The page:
Dave Schlom

Host, Blue Dot

Dave Schlom has taught the physical sciences at Corning Union High School since 1991. A lifelong amateur astronomer and astronomy educator, he has a passion for both the earth and the space sciences, which are the principal areas of focus for guests on Blue Dot. He started doing radio interviews on space and astronomy topics for local stations like KFM and KPAY in the 1980s and into the 90s, where he was a popular go-to guest for local radio personalities. He is also an expert on the history and geology of Lassen Volcanic National Park, where he has served as a volunteer for decades. Dave enjoys a quiet life at home with his partner in life, Cheryl, and their two dogs, Elvis and Pearl, at their Red Bluff residence.

On this episode of Blue Dot, Dave talks to fellow science communications host Ira Flatow who joined us from his home in Connecticut. The award winning host of Public Radio International's Science Friday tells us about being on the NPR staff in the early days as a science correspondent, the PBS television series he hosted for kids, Newton's Apple, his love of science and gadgets plus some tips for would be guests on the show. Ira also tells us about what it was like to play himself on the hit CBS sitcom The Big Bang Theory. Dave is also joined by United States Geological Survey research scientist Francis Rengers about the recent, tragic debris flows in Montecito, California that took 20 lives. Rengers specializes in studying the impacts of wildfires and how they can lead to catastrophic erosion like what was seen following the Thomas Fire in Santa Barbara County.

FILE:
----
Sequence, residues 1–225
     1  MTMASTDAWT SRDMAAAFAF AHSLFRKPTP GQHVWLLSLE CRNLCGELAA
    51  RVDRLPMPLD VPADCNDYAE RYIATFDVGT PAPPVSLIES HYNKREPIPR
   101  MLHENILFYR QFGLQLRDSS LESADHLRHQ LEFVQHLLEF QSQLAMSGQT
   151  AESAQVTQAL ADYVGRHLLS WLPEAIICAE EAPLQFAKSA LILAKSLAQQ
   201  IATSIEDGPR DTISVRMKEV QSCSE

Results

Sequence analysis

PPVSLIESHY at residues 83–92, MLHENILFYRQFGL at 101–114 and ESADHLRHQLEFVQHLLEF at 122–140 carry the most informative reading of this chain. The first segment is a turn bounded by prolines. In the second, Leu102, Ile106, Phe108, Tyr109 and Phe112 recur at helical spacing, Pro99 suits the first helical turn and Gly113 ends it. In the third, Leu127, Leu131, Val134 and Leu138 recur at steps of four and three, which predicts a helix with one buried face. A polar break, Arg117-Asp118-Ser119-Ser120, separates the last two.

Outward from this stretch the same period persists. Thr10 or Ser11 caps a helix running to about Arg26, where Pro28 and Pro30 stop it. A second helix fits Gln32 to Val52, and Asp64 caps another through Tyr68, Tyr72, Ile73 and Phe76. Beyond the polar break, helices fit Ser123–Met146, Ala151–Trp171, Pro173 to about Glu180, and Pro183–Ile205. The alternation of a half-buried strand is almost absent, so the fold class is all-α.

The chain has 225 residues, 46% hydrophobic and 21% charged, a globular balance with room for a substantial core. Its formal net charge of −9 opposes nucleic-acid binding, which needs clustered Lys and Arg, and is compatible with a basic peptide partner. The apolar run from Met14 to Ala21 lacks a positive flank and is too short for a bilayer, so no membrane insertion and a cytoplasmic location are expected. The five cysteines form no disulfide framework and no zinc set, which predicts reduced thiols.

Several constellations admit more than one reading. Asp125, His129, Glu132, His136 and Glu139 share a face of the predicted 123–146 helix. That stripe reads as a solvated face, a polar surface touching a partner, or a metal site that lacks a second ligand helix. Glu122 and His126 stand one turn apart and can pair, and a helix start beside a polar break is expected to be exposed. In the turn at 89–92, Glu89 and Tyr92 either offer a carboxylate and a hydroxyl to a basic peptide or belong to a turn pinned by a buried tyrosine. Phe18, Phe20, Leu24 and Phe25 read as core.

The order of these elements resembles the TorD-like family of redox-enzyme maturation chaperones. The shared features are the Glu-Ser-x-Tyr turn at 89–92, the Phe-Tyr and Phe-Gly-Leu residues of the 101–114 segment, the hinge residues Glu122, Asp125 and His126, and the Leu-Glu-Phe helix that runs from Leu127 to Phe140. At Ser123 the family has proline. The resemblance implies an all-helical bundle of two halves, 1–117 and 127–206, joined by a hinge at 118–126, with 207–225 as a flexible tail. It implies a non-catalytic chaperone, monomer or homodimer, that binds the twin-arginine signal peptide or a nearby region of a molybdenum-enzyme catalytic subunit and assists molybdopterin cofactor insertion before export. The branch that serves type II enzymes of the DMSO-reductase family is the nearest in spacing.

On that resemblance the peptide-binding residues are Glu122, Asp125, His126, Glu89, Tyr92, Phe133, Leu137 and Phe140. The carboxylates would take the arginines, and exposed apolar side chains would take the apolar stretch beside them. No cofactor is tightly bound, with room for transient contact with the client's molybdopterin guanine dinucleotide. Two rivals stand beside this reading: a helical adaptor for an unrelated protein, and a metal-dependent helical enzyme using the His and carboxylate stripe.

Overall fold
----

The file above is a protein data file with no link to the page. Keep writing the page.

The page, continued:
In this episode of Blue Dot, Dave is joined by Kate Fullam to interview Ann Druyan. Ann was the Creative Director of the Voyager Interstellar Message Project. She co-wrote ‘COSMOS: A Personal Voyage’ with her late husband Carl Sagan. She was awarded the Emmy and Peabody awards for ‘COSMOS: A Spacetime Odyssey. In this wide ranging discussion we'll hear about Ann's relationship with her late husband the creation of the reboot of Cosmos on Fox Television and the release of the catalog of books by Carl Sagan and Ann Druyan on Audible last year. A second season, Cosmos: Possible Worlds is in production with Druyan and the rest of the Cosmos team and will be on Fox in 2019. The second half of the show features a report from Sheryl Hosler, The Roving Naturalist from YouTube. Sheryl will tell us about the strange an interesting lives of parasitic sea lice.

On this episode of Blue Dot, we talk to the creators of "I Hear of Sherlock Everywhere" and "Trifles." Scott Monty and Burt Wolder are not only highly successful businessmen (Monty was the head of social media for Ford Motor Company from 2008-2014), they are also two of the world's most respected Sherlockians --  experts on the world of Sir Arthur Conan Doyle's famous Great Detective and his chronicler, Dr. John H. Watson. The Holmes character was patterned after Professor Joseph Bell, Doyle's teacher and mentor from medical school in Edinborough, Scotland and is considered the progenitor of forensic science. Many a scientific mind was inspired by the original 60 stories that Doyle penned (aka "The Canon") and the immense number of portrayals of Holmes and Watson on stage, screen (film and television), radio and pastiche fiction makes Sherlock Holmes an enduringly fascinating part of our popular culture. Our guides to all things Sherlockian, Scott and Burt, will take us back to the world of Victorian London and the fog shrouded apartments of Holmes at 221B Baker Street, "where it is always 1895." The game is afoot!